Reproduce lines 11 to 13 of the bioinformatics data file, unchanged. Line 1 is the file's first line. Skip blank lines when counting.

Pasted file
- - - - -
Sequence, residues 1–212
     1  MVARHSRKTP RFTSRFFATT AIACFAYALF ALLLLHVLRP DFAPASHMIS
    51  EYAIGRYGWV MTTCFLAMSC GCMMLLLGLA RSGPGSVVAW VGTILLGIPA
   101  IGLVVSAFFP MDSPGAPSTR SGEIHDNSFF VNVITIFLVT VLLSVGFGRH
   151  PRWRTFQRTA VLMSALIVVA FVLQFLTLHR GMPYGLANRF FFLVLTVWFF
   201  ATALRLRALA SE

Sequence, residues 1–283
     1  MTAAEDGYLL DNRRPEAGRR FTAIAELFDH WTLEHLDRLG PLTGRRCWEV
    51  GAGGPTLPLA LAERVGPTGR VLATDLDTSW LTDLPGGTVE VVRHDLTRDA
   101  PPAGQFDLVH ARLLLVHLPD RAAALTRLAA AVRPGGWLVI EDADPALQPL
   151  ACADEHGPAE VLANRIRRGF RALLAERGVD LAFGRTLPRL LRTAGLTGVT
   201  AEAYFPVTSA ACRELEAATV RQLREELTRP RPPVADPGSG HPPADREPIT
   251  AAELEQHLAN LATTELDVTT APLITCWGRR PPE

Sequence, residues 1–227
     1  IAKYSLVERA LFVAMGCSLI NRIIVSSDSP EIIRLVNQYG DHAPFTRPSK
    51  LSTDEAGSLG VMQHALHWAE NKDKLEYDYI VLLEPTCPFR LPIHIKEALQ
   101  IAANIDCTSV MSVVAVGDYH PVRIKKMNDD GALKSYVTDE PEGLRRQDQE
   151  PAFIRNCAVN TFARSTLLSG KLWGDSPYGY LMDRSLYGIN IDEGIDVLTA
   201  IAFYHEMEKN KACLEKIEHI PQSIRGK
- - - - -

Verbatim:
   151  ACADEHGPAE VLANRIRRGF RALLAERGVD LAFGRTLPRL LRTAGLTGVT
   201  AEAYFPVTSA ACRELEAATV RQLREELTRP RPPVADPGSG HPPADREPIT
   251  AAELEQHLAN LATTELDVTT APLITCWGRR PPE